JAMES PARA-CREMER (Lakeview Specialty Hospital & Rehab), Susan Conhartoski (Lakeview Specialty Hospital & Rehab)
Abstract: Low or poor student performance within classroom settings can result from a multitude of stimuli. Classroom environments continue to be overcrowded and understaffed. Teachers are faced with choosing between the competing contingencies of classroom management and individualized instruction. Federal attempts to improve student academic performance by establishing minimum testing standards without provision for additional classroom resources has only served to compound the problem. In an effort to meet these standards teachers are left to apply homogenous education strategies to a diverse student population. By the time a student with special learning requirements reaches adolescence a negative relationship with the school environment has been conditioned. Seeking to escape the punitive stimuli of the classroom the student may engage in intense behaviors such as aggression and property destruction and/or more passive behaviors such as sleeping or truancy. This study utilizes an alternating treatment design within a classroom setting to identify the most effective method for teaching math skills to adolescent students with special needs. Additionally, teachers were taught how to implement this design within their classrooms. Dependent measures include the number of correct responses, frequency of aberrant behaviors, student time on-task and social validity measures of teacher and student acceptance of the design.
Ch-ch-changes: The Effects of Different Treatment Plan Designs On Client Outcomes.
MAHIN L. PARA-CREMER (Lakeview Specialty Hospital), James Para-Cremer (Lakeview Specialty Hospital & Rehab), Debra Hill (Lakeview Specialty Hospital & Rehab), Susan Weller (Lakeview Specialty Hospital & Rehab), Amanda Ramsey (Lakeview Specialty Hospital & Rehab), Amanda Karlen (Illinois School of Professional Psychology), Amber Rich (Lakeview Specialty Hospital, UWM)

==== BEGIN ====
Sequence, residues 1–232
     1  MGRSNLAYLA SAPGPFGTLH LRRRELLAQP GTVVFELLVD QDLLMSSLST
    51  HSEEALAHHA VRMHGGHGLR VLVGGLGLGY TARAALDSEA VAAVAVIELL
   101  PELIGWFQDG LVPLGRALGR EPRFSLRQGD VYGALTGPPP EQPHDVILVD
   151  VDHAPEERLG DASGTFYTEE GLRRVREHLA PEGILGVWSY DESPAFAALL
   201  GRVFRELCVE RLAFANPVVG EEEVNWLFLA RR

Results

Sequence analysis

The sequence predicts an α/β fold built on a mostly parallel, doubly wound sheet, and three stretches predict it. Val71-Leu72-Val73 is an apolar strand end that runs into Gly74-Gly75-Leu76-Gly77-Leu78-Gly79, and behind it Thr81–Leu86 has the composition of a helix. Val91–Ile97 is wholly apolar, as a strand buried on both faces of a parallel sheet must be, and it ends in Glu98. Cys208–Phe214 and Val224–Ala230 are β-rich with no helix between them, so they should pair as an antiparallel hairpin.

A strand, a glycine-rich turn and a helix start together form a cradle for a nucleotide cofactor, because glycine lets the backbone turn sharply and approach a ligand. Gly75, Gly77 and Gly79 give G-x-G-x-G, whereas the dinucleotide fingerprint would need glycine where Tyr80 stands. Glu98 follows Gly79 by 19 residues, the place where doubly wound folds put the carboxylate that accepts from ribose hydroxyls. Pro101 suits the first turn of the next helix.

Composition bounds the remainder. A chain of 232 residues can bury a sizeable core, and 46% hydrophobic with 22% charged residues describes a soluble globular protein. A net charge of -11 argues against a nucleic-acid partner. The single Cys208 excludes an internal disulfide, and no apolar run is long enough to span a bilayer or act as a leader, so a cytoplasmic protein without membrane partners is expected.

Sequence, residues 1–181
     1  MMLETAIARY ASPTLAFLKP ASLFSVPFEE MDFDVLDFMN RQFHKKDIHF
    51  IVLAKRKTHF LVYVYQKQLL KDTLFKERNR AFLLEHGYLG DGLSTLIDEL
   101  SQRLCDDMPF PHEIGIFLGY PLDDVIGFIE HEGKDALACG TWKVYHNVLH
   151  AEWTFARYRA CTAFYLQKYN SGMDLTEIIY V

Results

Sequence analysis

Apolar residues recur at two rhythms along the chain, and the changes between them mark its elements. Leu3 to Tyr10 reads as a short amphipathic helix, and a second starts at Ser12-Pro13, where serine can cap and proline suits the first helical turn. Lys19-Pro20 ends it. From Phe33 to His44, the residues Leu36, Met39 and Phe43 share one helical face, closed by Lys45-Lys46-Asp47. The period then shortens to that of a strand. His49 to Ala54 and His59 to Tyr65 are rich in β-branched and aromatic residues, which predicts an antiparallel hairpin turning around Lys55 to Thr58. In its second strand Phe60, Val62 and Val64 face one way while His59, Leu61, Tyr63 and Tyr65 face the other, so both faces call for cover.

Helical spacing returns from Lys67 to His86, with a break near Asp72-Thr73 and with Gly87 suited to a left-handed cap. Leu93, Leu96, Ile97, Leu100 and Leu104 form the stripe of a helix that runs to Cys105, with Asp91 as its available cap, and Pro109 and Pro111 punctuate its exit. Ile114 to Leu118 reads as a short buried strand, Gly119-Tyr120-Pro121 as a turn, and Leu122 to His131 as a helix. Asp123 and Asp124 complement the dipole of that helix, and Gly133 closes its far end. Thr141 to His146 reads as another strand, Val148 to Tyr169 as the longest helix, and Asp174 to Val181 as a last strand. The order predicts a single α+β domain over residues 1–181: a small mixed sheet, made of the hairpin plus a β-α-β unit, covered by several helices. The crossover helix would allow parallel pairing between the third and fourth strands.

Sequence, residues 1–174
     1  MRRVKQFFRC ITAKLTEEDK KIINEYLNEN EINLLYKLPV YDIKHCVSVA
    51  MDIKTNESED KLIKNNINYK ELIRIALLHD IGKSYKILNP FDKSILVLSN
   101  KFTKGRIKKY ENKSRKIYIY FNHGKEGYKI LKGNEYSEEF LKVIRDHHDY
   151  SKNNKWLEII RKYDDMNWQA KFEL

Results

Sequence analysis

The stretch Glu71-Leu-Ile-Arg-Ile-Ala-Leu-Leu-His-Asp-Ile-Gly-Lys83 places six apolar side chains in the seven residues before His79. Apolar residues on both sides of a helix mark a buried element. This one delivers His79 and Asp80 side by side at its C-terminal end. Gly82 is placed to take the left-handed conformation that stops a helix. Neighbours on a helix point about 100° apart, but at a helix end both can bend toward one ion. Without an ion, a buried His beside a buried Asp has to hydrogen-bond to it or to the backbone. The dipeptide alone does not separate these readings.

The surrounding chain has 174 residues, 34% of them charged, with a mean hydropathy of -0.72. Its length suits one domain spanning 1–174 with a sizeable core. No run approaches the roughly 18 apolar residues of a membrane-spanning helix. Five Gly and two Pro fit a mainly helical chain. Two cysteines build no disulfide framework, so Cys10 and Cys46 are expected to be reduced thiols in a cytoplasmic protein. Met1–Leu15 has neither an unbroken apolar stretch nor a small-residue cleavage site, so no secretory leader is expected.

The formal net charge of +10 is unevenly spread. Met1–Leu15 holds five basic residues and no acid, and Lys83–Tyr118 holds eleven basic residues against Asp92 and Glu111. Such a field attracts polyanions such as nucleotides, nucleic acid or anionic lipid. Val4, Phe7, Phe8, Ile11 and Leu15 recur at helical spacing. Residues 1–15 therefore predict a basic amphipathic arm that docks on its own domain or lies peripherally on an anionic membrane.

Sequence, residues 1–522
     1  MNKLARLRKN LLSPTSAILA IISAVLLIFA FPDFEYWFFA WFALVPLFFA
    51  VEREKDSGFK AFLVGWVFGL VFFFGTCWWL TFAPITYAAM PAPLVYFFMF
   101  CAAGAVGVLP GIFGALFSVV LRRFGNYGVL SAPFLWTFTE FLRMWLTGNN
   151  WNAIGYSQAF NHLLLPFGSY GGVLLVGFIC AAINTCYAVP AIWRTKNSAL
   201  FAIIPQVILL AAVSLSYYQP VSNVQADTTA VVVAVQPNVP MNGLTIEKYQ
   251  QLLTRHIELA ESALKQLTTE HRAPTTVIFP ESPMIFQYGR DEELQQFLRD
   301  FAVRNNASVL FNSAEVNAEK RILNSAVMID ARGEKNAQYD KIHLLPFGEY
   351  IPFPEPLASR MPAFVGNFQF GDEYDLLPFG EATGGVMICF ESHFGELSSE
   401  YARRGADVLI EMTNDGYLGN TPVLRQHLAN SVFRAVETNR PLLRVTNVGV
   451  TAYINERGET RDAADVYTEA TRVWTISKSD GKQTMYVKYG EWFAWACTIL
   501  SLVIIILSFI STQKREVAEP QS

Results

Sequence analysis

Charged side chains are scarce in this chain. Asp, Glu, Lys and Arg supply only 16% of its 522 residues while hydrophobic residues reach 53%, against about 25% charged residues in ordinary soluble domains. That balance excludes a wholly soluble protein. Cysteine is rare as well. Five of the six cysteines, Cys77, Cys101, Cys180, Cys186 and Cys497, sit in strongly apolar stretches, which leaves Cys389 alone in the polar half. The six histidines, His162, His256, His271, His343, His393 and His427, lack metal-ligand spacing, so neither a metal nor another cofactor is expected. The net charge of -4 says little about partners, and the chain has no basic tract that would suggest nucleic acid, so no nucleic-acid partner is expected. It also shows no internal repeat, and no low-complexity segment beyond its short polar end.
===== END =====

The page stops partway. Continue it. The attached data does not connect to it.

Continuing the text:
Abstract: Person centered planning is an essential component for achieving vested outcomes for individuals-in-care. Traditional approaches towards treatment have been clinician directed and provide little opportunity for control or choice for the patient. This approach potentially limits buy-in to treatment goals by the primary stake holder, the young adult patient. This study is a multiple baseline across subjects and settings evaluating quality outcome measures for people served within residential settings at a Midwestern rehabilitation hospital. The setting includes a child and adolescent residential treatment center for children ages 6-17 with neurobehavioral diagnoses, and a community-based residential facility for adults with acquired brain injuries. The independent variable is the application of the person-centered planning treatment model within the environment of a medical treatment planning model. Treatment components include staff training and coaching on the person centered planning process and essential components for the development of a person-centered plan, person served involvement, and the involvement of those who know and care about the person, in the plan development and implementation, and an evaluation of outcome measures following the implementation of person-centered planning.